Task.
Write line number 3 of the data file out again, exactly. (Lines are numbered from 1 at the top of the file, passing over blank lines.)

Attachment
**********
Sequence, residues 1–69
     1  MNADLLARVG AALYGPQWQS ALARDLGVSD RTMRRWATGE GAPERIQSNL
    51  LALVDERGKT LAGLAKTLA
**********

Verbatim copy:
    51  LALVDERGKT LAGLAKTLA